“When Taofick Okoya’s daughter told him that she wished she was white, the Nigerian entrepreneur decided to help her fall in love with her natural black beauty. Sensing that her fair-skin worship was due to all of her favorite storybook, cartoon, and toy characters being white, Okoya began to imagine a world where Nigerian girls played with, and looked up to, black characters. ”
I recently read an article on www.bustle.com. titled “7 things black women wished they had growing up. From black women on the big and small screen, (as main characters on various outlets and not as an anomaly character on that one show) to the natural hair movement. You can read the full list here. Usually when I read about similar things, I often related these circumstances to an older generation, my parents, or my older cousins/siblings. But as I finished the list I realized all those things applied to me! Yes, I wish I had even half of those things on that list growing up. It then hit me that we are living at a time in the very crevice of social change for black and African women the world over. That our children and everyone born in the year 2000 onward (P.S the year 2000 is no longer “just the other day” but a whole 15 years ago!) will have less similar and more different experiences growing up than I did in terms of how socially aware they are and how visibly they are represented in mundane experiences in everyday life. It is absolutely amazing and I am so excited to live here and now, and to have the choice to play a part in the life altering changes happening at this very moment.
They said, ‘black dolls don’t sell I then embarked on an educational campaign via various media, telling people about the psychological impact dolls have on children, and [effect] dolls in the likeness of the African child can have on them
A few days later, I came across another article that left out another thing, I wished I had growing up, black dolls! May sound small, but if I recall the amount of time I spent playing with dolls in my developmental years, I realize that the kind of doll I played with as a little black girl, was no small detail. It was something beyond exciting to read that within the continent, in Nigeria, the Queens of Africa dolls are outselling Barbies. I especially love that a man saw the need for his daughter to “see” herself and was behind this, too many times, especially in African social spaces, women are left to cater to children’s development, so it is encouraging to see a man step up to his role as a father and a parent, I also love that they are not reffered to”black barbies”, and mostly that the fact they are selling out could mean that they are embraced by both parents and children and that socially we are slowly moving ahead positively from the binding complexities of the Clark Doll Test. This is a huge leap for little black and African girls to see and identify an image that they can relate to at the base of their physicality. To feel enough at the basis of how we look makes it easier to penetrate the knowledge of us discovering the power of our minds.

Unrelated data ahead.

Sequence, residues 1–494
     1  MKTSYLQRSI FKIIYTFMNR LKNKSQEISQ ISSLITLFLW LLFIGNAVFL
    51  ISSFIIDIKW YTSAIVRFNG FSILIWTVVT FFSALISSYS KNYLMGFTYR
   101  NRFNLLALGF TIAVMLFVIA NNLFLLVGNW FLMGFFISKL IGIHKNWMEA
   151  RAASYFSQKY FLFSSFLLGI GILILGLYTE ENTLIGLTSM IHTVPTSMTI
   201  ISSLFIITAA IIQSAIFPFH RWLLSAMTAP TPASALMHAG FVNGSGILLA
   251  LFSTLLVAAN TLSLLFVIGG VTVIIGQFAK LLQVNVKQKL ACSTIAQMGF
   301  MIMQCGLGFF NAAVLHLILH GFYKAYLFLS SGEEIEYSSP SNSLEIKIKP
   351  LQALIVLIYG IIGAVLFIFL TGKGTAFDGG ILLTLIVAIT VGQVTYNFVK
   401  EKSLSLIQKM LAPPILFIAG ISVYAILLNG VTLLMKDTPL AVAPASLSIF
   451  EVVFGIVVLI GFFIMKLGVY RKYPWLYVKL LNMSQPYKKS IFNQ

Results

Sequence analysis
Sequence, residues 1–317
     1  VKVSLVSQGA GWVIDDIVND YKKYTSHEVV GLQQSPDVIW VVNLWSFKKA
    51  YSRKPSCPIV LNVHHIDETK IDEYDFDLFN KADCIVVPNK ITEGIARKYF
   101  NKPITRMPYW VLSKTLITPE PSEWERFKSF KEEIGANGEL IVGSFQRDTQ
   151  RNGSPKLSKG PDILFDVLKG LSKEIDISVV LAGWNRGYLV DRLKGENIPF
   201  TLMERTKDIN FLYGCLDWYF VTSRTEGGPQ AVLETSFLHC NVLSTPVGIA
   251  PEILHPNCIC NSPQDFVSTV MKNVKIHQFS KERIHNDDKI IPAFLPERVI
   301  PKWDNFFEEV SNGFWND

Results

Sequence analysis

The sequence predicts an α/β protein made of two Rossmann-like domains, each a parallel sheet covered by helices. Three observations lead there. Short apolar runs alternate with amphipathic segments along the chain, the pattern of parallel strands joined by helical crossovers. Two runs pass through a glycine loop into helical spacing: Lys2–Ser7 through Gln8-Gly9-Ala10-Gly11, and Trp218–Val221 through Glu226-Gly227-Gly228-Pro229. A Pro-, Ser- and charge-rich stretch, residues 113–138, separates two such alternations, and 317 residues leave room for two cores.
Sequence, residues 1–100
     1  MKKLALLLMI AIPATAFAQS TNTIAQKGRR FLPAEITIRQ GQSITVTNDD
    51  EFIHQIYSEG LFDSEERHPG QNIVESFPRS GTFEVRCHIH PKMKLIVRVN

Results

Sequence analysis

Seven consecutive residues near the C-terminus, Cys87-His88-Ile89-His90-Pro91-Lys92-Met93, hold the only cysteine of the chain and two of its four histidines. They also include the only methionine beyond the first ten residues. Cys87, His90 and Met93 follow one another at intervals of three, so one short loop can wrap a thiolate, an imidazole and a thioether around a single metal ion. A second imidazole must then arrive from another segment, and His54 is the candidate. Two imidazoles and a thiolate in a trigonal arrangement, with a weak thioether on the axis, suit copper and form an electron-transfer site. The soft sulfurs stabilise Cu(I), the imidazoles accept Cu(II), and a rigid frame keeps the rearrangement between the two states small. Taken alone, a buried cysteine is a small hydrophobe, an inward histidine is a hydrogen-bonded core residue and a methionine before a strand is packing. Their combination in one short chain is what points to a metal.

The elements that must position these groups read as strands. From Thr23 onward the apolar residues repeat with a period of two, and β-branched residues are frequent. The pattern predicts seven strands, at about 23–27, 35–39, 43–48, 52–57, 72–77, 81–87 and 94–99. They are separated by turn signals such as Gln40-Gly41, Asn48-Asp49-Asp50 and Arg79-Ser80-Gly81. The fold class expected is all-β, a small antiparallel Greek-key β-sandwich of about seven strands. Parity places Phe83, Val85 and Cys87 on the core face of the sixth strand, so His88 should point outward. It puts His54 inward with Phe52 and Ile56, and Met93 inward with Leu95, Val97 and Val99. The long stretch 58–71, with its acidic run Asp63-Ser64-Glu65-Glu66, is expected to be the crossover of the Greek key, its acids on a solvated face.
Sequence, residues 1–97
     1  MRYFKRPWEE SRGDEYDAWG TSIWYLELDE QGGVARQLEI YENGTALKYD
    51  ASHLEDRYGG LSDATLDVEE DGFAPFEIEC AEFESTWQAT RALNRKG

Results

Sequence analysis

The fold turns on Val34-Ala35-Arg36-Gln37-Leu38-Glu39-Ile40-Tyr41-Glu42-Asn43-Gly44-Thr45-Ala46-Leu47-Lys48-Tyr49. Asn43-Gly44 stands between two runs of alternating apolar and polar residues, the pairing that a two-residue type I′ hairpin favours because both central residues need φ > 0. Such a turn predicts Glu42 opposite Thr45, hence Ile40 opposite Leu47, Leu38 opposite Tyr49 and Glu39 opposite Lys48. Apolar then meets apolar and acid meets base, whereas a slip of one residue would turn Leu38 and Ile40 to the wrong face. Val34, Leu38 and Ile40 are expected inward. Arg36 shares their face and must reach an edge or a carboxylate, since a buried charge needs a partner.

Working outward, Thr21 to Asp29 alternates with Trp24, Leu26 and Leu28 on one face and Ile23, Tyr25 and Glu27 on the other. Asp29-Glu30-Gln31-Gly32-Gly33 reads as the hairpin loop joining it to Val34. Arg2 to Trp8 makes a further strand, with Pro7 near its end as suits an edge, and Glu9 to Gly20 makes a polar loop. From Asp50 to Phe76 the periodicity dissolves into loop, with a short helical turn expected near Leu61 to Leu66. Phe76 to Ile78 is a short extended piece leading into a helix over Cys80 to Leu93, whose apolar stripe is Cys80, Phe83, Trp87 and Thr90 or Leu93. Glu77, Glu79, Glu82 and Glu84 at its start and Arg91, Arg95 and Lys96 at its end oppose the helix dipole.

““When little girls play with dolls, they see themselves in or as the doll, they dress it in clothes they like and act out their fantasies,” he told Elle. “The more of their own likeness they see in the things they like, the more accepting they will be of their looks and culture.”
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